When I was in eighth or ninth grade, a friend called me one day with a clever scheme. “We should make a website where you can sing part of a melody, and it figures out what song you want!” I told him it sounded like a cool idea, but also a totally impossible one, and went back to watching TRL. For this reason and several others, I am currently a pop-culture blogger of modest means and not, say, a yachting enthusiast-cum-Internet startup king — because, you see, there’s a new website that does exactly what my friend was describing. bills itself as “the ultimate music search tool.” Give it a 10-second snippet of music in your own voice — singing, humming, or whistling will do — and it’ll instantly tell you what that song you have stuck in your head is. Imagine if Jason Castro (pictured) had had access to this thing. He might have realized in time that he was on national television singing “Mr. Tambourine Man,” not “Mr. Hm-hm-hnh-hm-um-aaahlowin’ you“!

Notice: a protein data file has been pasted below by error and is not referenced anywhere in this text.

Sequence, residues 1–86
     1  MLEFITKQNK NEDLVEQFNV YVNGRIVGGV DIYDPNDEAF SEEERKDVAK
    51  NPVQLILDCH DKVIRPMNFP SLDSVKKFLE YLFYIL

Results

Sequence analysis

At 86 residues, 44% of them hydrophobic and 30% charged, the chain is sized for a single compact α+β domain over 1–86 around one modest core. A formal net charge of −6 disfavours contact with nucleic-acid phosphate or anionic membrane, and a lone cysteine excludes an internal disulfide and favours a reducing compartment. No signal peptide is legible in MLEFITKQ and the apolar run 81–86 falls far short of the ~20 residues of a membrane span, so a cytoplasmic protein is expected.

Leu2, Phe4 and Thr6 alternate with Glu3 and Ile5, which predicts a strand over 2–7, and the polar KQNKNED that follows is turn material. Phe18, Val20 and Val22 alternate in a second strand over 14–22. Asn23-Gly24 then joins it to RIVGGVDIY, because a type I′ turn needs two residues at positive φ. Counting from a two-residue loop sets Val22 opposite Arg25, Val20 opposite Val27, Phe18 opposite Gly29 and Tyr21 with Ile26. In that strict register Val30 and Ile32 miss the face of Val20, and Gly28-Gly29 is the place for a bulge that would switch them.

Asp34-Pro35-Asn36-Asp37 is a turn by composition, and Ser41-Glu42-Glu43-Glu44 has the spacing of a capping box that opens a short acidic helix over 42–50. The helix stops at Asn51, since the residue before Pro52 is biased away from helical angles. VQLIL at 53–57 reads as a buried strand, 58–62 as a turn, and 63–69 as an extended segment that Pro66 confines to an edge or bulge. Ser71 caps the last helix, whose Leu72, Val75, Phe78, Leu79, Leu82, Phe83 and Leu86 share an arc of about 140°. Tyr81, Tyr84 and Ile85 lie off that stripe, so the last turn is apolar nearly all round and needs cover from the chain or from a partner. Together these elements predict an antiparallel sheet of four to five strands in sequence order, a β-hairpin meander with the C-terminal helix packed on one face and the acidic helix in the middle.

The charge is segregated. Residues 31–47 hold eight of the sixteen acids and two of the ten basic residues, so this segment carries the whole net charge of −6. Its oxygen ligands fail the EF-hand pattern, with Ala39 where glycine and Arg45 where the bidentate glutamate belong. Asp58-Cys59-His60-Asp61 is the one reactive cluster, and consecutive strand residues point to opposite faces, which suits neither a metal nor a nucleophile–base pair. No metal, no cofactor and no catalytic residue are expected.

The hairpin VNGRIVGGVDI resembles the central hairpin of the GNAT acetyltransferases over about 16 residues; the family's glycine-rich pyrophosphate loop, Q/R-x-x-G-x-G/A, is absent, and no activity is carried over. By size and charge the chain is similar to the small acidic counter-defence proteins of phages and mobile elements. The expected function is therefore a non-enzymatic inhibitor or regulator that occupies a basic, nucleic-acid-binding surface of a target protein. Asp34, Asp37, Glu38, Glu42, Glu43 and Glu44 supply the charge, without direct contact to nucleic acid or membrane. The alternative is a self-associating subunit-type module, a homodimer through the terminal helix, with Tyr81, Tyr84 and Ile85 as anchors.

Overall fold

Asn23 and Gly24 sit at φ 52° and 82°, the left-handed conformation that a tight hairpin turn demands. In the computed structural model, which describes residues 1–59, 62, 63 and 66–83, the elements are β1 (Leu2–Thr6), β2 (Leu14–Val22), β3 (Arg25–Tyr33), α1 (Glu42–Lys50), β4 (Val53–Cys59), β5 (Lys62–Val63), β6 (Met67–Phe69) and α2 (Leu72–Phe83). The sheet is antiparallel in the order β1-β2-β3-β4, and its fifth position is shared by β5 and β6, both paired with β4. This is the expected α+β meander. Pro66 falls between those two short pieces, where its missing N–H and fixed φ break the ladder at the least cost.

Of course, that’s all assuming it actually works as advertised. I don’t have a microphone hooked up to my computer, so I haven’t been able to test-drive Midomi. (Man, if I were a yachting dotcommer, I would so have a mic right now.) The site’s demo video makes it look pretty intuitive — but the nice lady in the tutorial is just looking for “Amazing Grace,” which I can’t imagine anyone actually needing a powerful online engine to track down. If I’m understanding this right, user-submitted sound files provide most of Midomi’s core data. Does that model have any value if you’re trying to identify a song that isn’t already totally unforgettable for billions of people? Feel free to try out some of your favorite, more obscure tunes on Midomi and report back in the comments here — I’m curious to know if this is just a fun gimmick or a legitimately useful tool.